#22 Investing & Reinvesting The Profits of Your Authority Sites, What Route To Take?

What you will learn

  • When to save money in your business
  • When to reinvest in your business
  • When to take money out and spend it on yourself
  • When to take money out and invest it personally

Saving money in your business

It is safe for businesses to save around 6 months of fixed expenses to ensure they can keep running during tough times. The first profit you make should be allocated to that to ensure you can keep on making money.

Also make sure you save for tax bills. Way too many people get caught with that and end up going bankrupt because they largely underestimate their tax bill.​

Reinvest in your business

Reinvesting is essential if you want to grow your revenue. But one common mistake people make is spending on things that don’t move the needle for their business.

Things you should consider investing in should be:

  • ​Content
  • Growing your audience (PPC)
  • Improving CRO
  • Growing your team to get more done

Things you should avoid investing in:

  • Unnecessary hardware
  • Unnecessary hires
  • Anything that involves showing off

Also remember. $1 saved is the equivalent of $2 earned.

Spending on your personal life

Make sure your lifestyle is comfortable and you are happy to keep going with what you have for a long time. If you burn out, this is the worst thing that can happen to your business.

Do things like

  • ​Get your own place with nice work area
  • Hire a cleaner
  • Invest in yourself and learning
  • Be smart with your vacations (go to south east asia and central europe etc)
  • Buy a few things you’d never buy on a “normal” salary job to feel good about the work you do.
  • Just because you can afford expensive watches and cars doesn’t mean it’s a smart thing to buy them.

Invest your personal income​

Your business model will likely not exist in 20 – 30 years. Essentially what you do now should support you now and when you will be old.

We recommend you read the wealthy barber, listen to the Investors Podcast and Street Smarts by Jim Roger.

Also consider buying your own home to save money going down the drain on rent. You can usually get a mortgage if you put 20-30% down payment.​

Full Transcript

Welcome to the Authority Hacker podcast, the place to learn field tested, no BS tactics to grow hack your online business, and finally, live life on your own terms. Now, your hosts, Gael and Mark.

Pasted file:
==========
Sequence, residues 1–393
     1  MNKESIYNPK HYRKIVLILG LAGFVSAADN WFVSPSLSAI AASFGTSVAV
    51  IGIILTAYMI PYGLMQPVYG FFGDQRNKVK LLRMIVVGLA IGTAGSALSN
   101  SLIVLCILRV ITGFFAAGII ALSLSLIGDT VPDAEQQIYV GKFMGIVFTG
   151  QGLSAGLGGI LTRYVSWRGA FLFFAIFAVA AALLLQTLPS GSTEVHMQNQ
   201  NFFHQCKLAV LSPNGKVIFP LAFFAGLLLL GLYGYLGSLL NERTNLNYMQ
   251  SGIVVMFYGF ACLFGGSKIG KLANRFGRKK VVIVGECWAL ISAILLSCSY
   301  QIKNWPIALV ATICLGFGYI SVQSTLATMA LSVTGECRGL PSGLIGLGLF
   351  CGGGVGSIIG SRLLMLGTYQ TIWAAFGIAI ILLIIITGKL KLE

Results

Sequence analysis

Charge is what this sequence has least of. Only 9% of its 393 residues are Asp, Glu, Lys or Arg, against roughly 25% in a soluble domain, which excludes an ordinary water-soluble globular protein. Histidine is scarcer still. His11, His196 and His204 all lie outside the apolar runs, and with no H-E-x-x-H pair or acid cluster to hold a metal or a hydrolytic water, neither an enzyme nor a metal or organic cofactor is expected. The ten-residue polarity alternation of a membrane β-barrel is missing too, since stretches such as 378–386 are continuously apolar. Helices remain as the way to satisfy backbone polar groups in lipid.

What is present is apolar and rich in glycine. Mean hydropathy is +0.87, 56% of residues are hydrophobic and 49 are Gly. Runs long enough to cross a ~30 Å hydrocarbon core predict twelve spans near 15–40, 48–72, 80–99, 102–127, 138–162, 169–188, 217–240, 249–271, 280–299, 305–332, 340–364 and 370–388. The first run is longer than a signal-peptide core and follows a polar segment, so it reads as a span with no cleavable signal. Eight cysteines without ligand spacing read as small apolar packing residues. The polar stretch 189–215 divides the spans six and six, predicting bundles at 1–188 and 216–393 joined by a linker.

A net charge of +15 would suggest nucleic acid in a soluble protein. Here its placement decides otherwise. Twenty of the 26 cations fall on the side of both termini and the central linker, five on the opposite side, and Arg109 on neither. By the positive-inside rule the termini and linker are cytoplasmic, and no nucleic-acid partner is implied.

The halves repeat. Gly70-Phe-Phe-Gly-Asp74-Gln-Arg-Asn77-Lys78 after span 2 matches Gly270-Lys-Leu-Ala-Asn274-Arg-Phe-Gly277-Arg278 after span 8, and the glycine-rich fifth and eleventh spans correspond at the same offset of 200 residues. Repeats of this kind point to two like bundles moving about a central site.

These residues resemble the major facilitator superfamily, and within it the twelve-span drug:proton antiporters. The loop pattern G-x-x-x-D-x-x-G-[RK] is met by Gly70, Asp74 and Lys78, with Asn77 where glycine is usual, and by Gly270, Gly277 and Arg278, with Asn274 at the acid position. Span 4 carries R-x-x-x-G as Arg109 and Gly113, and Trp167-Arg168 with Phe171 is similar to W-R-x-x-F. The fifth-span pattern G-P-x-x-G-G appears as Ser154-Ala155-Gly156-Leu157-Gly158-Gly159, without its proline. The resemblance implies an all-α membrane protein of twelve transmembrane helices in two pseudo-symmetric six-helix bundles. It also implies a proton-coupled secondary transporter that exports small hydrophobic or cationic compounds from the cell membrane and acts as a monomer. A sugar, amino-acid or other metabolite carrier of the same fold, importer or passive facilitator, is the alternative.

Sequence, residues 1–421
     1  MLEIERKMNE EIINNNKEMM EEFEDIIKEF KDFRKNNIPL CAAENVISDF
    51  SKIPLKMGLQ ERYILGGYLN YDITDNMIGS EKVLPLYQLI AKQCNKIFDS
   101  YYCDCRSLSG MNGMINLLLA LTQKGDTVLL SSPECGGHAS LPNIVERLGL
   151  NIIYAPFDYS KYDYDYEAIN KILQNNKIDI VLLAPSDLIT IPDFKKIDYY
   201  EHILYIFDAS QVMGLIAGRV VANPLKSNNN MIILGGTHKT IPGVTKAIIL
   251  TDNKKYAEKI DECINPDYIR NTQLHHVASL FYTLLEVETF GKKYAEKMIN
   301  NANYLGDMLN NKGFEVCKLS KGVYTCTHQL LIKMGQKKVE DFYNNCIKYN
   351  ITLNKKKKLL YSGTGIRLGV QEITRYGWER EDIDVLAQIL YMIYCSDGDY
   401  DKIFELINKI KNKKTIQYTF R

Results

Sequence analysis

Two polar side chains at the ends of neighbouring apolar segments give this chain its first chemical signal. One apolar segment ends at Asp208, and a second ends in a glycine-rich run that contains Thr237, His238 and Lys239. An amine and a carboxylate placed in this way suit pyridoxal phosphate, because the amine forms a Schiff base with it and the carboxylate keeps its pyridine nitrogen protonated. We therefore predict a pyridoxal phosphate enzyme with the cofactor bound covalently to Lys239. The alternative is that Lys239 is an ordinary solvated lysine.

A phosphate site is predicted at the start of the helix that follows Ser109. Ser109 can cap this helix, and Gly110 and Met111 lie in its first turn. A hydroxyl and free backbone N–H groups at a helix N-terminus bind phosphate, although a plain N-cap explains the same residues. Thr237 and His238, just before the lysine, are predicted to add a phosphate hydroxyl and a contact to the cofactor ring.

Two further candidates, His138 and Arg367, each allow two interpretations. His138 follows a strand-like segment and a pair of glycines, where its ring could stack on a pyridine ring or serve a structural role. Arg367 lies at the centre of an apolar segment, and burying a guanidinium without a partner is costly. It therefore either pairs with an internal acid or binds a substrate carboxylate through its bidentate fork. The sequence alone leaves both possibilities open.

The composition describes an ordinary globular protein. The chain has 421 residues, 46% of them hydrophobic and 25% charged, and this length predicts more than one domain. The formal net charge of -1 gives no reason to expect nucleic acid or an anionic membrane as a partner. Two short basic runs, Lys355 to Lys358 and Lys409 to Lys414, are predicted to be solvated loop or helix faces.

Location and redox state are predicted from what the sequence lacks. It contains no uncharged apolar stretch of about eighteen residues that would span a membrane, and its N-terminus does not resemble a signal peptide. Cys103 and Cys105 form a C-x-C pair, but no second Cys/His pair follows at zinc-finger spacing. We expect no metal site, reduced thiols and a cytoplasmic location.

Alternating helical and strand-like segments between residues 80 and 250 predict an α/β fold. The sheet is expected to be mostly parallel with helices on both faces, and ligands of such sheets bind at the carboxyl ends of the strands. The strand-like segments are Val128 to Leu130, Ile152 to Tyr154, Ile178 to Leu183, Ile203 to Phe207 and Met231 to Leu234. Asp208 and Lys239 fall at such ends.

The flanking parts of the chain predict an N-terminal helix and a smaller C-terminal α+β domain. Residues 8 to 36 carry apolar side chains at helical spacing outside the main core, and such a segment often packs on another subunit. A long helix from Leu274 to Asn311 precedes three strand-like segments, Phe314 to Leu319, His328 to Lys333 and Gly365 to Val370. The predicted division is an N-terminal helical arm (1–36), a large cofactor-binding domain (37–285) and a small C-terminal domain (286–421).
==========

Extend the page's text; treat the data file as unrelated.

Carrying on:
Gael: Hey guys, welcome to the Authority Hacker podcast, Mark is with me today- how is it going Mark?

Mark: Hey, it’s going good, thanks.

Gael: I just wanted to take a second before we get started to just thank everyone that has been following the relaunch of the podcasts. This is actually the first podcast we record after the relaunch of the new podcast, and so far, we already have more downloads in 2016 than we had in 2014, for the whole year. And, at the time we are recording this, it’s the very early February, so in one month we blew up one full year of podcast downloads. Thank you everyone that reviewed us on iTunes, thank you guys for keeping listening, and we are going to keep that going, although the frequency is probably going to go down a little bit starting next month, you still have a little bit of fast paced podcast coming your way, for now. Today’s topic is going to be investing and reinvesting profits, what risk to take, and that is definitely a Mark’s topic, so I’ll be taking the back seat and asking questions. He is the guy that handles a lot of the money in the business for us, I am kind of like trying to find ways to make more money, and he finds ways to handle it. I’ll let you get started Mark, so let’s just talk about- you have an online business, you make some profit there, some money that is coming in and most people would just take it and bathe themselves in it, essentially replace their salaries, but like is that what you should do?

Mark: Ok, well there is many different options here, and I’ll go through this four basic ways to think about this at least, I am not going to tell you- each person listening to this has to decide what’s best in their situation, there is many things to consider, but I’ll go through the four main things here. The first thing to do is, first of all you need to start making money, which, hopefully if you are an Authority Hacker pro member and you’ve been listening to us, you’ve been working hard for a while, you are already doing that. If not, then start listening to this podcast now, and go listen to other ones about how to make money. You don’t need to waste your time learning what to do with it, until you’ve actually made it or you are starting to make some money.

Gael: And there goes our amazing download count for the podcast. [laugh]

Mark: Ok, so if you are still with us, you are making some money and you want to know what to do with it. The first thing to consider, I know it sounds a bit sort of like something your mother would say, because it actually is something my mother told me, is save it. And I am talking about your company, saves it. I assume most people doing this will be operating a corporate entity, limited company, something like that. So once you start making some money, you want to build up a bit of cash reserves. Call this a rainy day fund or something, but an ideal situation is that you have enough cash to support your business for six months, when you are making, if for the next six months you make zero profit.

Gael: Does that include paying yourself?